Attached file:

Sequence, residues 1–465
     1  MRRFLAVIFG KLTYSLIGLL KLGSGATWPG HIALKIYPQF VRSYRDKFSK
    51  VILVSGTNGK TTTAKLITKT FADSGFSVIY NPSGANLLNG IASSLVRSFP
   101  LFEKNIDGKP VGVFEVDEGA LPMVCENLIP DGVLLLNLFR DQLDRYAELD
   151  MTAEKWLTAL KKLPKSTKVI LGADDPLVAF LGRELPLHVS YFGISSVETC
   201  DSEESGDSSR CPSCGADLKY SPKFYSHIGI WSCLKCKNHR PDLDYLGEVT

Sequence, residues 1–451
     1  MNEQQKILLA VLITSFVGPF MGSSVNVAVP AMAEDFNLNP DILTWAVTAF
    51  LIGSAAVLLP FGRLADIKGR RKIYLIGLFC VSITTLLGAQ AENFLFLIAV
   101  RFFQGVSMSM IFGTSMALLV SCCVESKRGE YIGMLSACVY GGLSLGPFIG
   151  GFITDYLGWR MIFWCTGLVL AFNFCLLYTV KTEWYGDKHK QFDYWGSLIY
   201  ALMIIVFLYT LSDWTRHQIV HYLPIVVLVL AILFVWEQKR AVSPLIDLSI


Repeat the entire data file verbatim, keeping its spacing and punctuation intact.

Sequence, residues 1–465
     1  MRRFLAVIFG KLTYSLIGLL KLGSGATWPG HIALKIYPQF VRSYRDKFSK
    51  VILVSGTNGK TTTAKLITKT FADSGFSVIY NPSGANLLNG IASSLVRSFP
   101  LFEKNIDGKP VGVFEVDEGA LPMVCENLIP DGVLLLNLFR DQLDRYAELD
   151  MTAEKWLTAL KKLPKSTKVI LGADDPLVAF LGRELPLHVS YFGISSVETC
   201  DSEESGDSSR CPSCGADLKY SPKFYSHIGI WSCLKCKNHR PDLDYLGEVT

Sequence, residues 1–451
     1  MNEQQKILLA VLITSFVGPF MGSSVNVAVP AMAEDFNLNP DILTWAVTAF
    51  LIGSAAVLLP FGRLADIKGR RKIYLIGLFC VSITTLLGAQ AENFLFLIAV
   101  RFFQGVSMSM IFGTSMALLV SCCVESKRGE YIGMLSACVY GGLSLGPFIG
   151  GFITDYLGWR MIFWCTGLVL AFNFCLLYTV KTEWYGDKHK QFDYWGSLIY
   201  ALMIIVFLYT LSDWTRHQIV HYLPIVVLVL AILFVWEQKR AVSPLIDLSI